Last year, to much fanfare, and after several previous failed attempts, it was finally confirmed that, for the first time since 1964, the Olympic Games will be returning to Tokyo in 2020. However, in these days of austerity, economic stagnation and a growing gaps between the aspirations of government and the realities of ordinary citizens, this news was not met with universal approval.
Similar in some ways to Brazil’s hosting of the 2014 FIFA World Cup, there was a chorus of dissenting voices decrying an Olympic bid as a monumental waste of money, and that the money would be far better used in other areas.
However the government sees it differently and has promised to deliver an Olympic Games that will inspire and invigorate not just Tokyo, but all of Japan. It’s a tall order, but if there’s one thing the Japanese do well it is persistence and an indomitable spirit. One gets the feeling that they just might pull this one off.
But how? That is the big question. A lot of promises have been made and the government has pledged to deliver. So today, let’s look at some of the ways that the government says the Tokyo 2020 Olympics will change Japan for the better.
Photo : t-mizo on FlickrFor starters, there’s the obvious boost to infrastructure and the economy. Even the most conservative estimates showed that the London 2012 Olympics brought hundreds of millions of pounds into the city as well as a certain level of residual benefits for the other UK cities that hosted some events. Japan can expect to benefit in this way too, with certain events unsuitable for Tokyo’s urban terrain being outsourced to a number of other Japanese cities. This will provide a boost not just to the hotel and hospitality trades, but also the residential property market, if the previous games in London and Beijing are anything to go by. In the year or two before the games we can expect a spike in property prices, as new transport links, sports complexes and other infrastructure upgrades near completion.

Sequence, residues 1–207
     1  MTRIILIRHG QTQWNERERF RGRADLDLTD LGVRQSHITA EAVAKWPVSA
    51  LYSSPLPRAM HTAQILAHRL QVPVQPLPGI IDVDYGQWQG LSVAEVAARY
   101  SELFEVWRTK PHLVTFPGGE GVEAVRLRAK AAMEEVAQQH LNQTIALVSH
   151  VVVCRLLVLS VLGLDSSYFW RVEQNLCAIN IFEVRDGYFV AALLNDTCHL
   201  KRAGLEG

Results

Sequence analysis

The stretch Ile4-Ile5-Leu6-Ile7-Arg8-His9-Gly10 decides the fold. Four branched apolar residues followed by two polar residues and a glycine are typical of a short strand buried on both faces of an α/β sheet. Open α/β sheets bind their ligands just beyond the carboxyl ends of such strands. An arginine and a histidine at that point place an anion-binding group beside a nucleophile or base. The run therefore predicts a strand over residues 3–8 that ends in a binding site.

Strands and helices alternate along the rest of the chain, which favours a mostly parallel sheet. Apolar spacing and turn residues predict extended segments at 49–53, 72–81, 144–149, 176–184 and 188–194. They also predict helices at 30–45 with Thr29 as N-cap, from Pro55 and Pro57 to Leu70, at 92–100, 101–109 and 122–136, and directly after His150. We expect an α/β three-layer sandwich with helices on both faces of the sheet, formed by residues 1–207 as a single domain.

But what will these new buildings be? And how will they impact the lives of ordinary people in Japan?
One probable benefit of Tokyo 2020 will, hopefully, be an improvement in Japan’s English speaking abilities.
English education in Japan is something of a sore point amongst Japan’s Education Ministry. Despite numerous high profile and expensive initiatives, such as the JET program, the ability of Japanese people to speak English remains relatively low compared to other developed Asian nations like China, Korea and Singapore. “English Villages” are being trumpeted as an effective means to finally resolve this long-standing problem in the run-up to 2020.
Photo : GORIMON on FlickrHaving already been piloted in Osaka’s Kinki University, and a number of private high schools and prefectural education boards around Japan, English Villages are venues where students can go for a “total immersion experience” of English. In other words, the will take part in numerous activities, sports, crafts and games completely in English, led by native English speaking teaching staff.. The idea is already showing signs of success in Kansai and there is growing support for it to be rolled out across Tokyo in the run-up to 2020.